Hello, I'm glad you're here. Today we're going to talk about the red flags of drinking. What are the red flags that might signal to you that it's really time to look at this alcohol thing a bit differently, to take it a bit more seriously, to significantly cut back or, better yet, take a long break from it? I've got 10 red flags that I'm going to talk to that I've developed over the course of my counselling practice, which I think are pretty good indicators that if you're just showing one or two of these red flags in your life, then there's time to do some serious thinking about your relationship with alcohol. I'm glad you're here. I'm glad you tuned in. Let's get started. Are you trying to drink less alcohol but need some extra motivation? Maybe you've tried moderation, but you keep waking up disappointed and hungover.

Speaker 2:

Are you curious about sober life? Or maybe you're like us, have been alcohol free for a while and are in it for the long haul. Well, you're in the right place. I'm Meg.

Speaker 1:

And I'm Bella are in it for the long haul. Well, you're in the right place. I'm Meg and I'm Bella, and our Not Drinking Today podcast is an invaluable resource to keep you motivated and on track today and beyond.

Speaker 2:

We are this Naked Mind, certified coaches who live in Sydney and love our alcohol-free life.

Speaker 1:

And, last but not least, if you enjoy the content of our podcast, please rate, review, subscribe and share it.

Speaker 2:

It really is integral to getting the podcast out to those that might need it. So grab a cuppa and let's get started.

Speaker 1:

Occasionally, it can be really good to reflect on your present relationship with alcohol to consider is it taking more from your life than it's giving? I hazard to guess, if you're listening to this podcast, the answer is yes, and you might've had an inner voice that has been there for quite some time already telling you slow down. Your future is going to be less happy if you keep on drinking like you do. It's just useful to have also a bit of a blueprint, a guide, to work out if you are hitting some red flags that you need to know about. That can really then help guide you towards what you're going to do about it and to make a commitment about what changes you need to make and when. So I've got these 10 red flags here and look, they've been developed from my years working as a counsellor and a coach in this sphere of alcohol, stress and burnout, also my own lived experience with battling with a few alcohol issues or two in my lifetime. So I'm going to talk about 10 red flags. Let's start with the first one, number one the 3am wake up. That's a big, glaring red flag and it's a really common symptom that people experience when they've been drinking either a binge drinking weekend or night, or there's been quite a long habit of drinking, say, three to four glasses to a bottle a night. What happens is that we really get those chemical relaxers from our hit of alcohol, which is GABA and dopamine, but our body counteracts that in an effort to seek homeostasis by the release of stress hormones, adrenaline and cortisol and what happens is that these stay in our body a whole lot longer than those depressive chemicals. We get the 3am wake up, and it's a horrible thing to have happen, because it's really hard to go back to sleep. It's often filled with anxiety, ruminating thoughts and it can ruin the next day. So if that 3am wake up has been a feature in your nightly routine for quite some time now, it's really going to be impacting your wellbeing, your state of mind, your stress levels, and it's really then going to make you more prone to drinking the next day to try and get more energy or to alleviate that stress that you're feeling already. So treat this as a red flag. The good news is that it really just takes a couple of weeks of being off alcohol to be able to regain your normal sleep rhythms and get back into that restorative sleep pattern that gosh we all need. We all need to survive.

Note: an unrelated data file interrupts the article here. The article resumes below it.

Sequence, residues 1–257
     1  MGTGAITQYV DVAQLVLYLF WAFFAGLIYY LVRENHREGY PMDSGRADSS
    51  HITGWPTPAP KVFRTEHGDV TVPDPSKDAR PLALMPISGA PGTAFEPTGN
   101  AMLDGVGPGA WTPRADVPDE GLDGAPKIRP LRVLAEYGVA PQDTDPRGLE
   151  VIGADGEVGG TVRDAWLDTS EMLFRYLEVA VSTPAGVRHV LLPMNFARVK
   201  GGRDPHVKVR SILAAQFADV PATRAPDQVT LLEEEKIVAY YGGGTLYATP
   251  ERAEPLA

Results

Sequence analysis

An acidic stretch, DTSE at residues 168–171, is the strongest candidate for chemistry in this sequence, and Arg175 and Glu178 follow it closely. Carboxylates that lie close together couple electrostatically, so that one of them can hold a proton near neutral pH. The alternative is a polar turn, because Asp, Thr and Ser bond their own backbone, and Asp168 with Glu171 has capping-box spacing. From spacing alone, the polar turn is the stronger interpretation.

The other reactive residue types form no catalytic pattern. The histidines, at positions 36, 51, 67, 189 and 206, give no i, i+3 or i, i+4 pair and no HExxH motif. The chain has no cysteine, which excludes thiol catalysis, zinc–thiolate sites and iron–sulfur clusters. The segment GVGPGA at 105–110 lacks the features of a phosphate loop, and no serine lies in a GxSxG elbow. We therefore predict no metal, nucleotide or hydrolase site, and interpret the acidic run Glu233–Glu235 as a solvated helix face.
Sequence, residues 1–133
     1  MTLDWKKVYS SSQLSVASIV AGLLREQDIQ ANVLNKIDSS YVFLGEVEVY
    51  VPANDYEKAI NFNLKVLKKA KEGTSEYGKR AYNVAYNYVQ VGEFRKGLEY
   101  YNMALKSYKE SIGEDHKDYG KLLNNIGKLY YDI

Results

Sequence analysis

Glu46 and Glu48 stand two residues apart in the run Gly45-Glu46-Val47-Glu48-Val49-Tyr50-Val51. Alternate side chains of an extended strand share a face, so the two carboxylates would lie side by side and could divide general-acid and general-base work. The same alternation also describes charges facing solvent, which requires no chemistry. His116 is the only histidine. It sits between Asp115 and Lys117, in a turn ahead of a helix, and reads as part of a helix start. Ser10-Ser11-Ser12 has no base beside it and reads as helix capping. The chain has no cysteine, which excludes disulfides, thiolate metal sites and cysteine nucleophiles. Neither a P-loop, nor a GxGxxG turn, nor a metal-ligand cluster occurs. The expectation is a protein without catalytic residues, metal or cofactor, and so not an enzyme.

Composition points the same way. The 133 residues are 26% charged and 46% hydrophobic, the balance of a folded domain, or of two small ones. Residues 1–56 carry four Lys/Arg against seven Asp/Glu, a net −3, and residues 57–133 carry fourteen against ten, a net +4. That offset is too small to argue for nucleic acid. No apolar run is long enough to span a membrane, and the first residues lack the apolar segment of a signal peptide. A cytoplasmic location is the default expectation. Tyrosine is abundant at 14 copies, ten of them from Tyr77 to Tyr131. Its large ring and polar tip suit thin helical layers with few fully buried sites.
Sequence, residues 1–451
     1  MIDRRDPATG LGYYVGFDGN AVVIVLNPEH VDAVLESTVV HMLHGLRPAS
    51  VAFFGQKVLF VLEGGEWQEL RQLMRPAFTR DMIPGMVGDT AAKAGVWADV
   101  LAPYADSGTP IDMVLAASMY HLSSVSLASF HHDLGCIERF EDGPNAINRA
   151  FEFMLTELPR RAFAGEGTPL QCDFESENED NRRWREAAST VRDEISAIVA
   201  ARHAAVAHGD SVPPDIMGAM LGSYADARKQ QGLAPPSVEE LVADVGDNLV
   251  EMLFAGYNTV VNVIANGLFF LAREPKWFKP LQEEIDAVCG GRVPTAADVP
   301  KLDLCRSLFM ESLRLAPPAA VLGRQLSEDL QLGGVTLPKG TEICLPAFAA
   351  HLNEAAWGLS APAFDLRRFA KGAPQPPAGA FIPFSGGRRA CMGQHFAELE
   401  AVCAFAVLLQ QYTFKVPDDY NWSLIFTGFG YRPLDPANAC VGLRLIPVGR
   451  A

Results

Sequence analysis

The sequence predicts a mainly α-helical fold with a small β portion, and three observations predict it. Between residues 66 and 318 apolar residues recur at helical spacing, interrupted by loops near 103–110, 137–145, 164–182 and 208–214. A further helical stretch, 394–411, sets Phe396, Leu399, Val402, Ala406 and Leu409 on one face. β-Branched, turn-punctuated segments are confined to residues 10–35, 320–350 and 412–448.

Speaker 1:

Red flag number two self-medicating stress, anxiety or depression with alcohol. It's really common and it's something that most of us do. I would say drinking to alleviate stress is one of the most common reasons why people start to develop a problematic relationship with alcohol social anxiety or just low level anxiety and depression. Now, if we're starting to self-medicate symptoms like this, well, research has shown that we have then a higher risk of developing a dependence on alcohol, relying on it to really feel relief from these symptoms. Now, alcohol fuels these symptoms. We know that, particularly stress, anxiety, alcohol exacerbates these symptoms by well, all of the things really, by pumping our body full of those stress hormones, by the lack of sleep, by the lack of motivation we no longer want to put our sneakers on and go out for a run. It also creates stress in our relationships, the way we view ourself, our self-respect, self-trust, anxiety in the way of ruminating thoughts, negative self-talk of ruminating thoughts, negative self-talk these things can really be exacerbated. Depression too, you know, with feeling flat. Alcohol can have us feel like, you know, our energy has been restored or can really elevate our mood, but it's temporary and we know that it's going to really exacerbate those symptoms.